The focus of the first section of chapter one, “Generative Grammars as Theories of Linguistic Competence,” is the goals of linguistic theory, which Chomsky claims should be “concerned primarily with an ideal speaker-listener, in a completely homogeneous speech community, who knows its language perfectly and is unaffected by such grammatically irrelevant conditions … in applying his knowledge of the language in actual performance” (3)
What follow from this is an effort to distinguish competence from performance. The latter can only be viewed as a direct representation of the former under the circumstances describe above of the ideal speaker-listener. Practically, speaking this is impossible though. And this reality is reflected in the traditional and structuralist grammars, which provide lists of irregularities, but failure to capture the regular and universal features of language. Here again, Chomsky goes back a couple centuries to past linguistic research which distinguished universal grammar from particular grammar. He goes as far as to suggest that modern linguistic study, as of the 1960s), had failed to deal with the question of universal grammar by showing no interest in the creative aspects of language. And it is exactly this possibility that creative language use that drives Chomsky’s work.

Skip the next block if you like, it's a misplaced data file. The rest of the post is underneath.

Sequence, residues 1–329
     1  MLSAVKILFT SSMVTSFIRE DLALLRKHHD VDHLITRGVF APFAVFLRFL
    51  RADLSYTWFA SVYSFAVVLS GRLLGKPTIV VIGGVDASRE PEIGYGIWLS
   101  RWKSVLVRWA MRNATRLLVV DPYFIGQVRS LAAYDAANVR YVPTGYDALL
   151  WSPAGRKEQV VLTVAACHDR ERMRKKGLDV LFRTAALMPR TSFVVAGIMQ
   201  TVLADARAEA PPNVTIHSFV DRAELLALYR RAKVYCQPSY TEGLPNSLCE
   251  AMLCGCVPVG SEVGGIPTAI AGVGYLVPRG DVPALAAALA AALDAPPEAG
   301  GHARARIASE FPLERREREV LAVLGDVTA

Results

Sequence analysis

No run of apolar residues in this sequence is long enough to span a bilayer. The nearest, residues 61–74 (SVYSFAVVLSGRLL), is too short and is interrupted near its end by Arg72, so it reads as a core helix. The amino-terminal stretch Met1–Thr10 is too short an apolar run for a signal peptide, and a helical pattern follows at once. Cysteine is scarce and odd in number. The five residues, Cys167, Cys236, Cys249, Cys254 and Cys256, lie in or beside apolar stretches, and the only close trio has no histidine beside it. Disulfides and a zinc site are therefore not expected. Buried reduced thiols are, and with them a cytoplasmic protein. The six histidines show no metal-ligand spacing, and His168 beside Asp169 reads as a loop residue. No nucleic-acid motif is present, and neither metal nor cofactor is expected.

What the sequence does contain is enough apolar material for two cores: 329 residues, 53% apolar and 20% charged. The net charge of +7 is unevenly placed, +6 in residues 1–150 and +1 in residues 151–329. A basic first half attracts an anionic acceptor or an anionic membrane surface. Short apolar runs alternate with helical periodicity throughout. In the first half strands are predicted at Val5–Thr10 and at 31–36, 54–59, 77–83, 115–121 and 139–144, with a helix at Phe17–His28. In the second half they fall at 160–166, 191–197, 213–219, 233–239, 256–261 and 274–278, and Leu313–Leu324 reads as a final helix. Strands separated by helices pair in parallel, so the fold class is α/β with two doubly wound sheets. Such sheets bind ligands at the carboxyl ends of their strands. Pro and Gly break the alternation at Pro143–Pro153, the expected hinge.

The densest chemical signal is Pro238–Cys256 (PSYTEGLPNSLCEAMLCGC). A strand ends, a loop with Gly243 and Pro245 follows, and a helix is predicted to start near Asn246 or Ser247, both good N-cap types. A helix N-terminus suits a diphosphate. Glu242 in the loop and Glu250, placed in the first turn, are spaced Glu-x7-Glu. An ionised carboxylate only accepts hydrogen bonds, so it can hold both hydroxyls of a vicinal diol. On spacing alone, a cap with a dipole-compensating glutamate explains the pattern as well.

1. For example, the concept of the “autonomy of syntax” continues to be a sticking point for functionalist linguists even today. And yet, according to Newmeyer (2005), Chomsky hasn’t made such a claim about syntax since 1975, but has instead revised his own claims about the nature of language.
2. It should, perhaps, be questions whether this is a valid goal. Specifically, it is not clear why a homogenous community should be ideal when the vast majority of language use in the world is not homogenous. By itself the statement appears somewhat ethnocentric and Chomsky provides no explanation as to why the homogenous situation of English should be treated as preferable to that of multi-lingual communities. Surely a multilingual community would provide just as much information and about universal grammar than any other community.
There’s plenty of already existing evidence for the nature of linguistic categorization and prototype theory. I laid much of it out in my (old) discussion of middle voice several years ago, where I explain categorization and cognitive linguistics in the context of discussions of middle voice.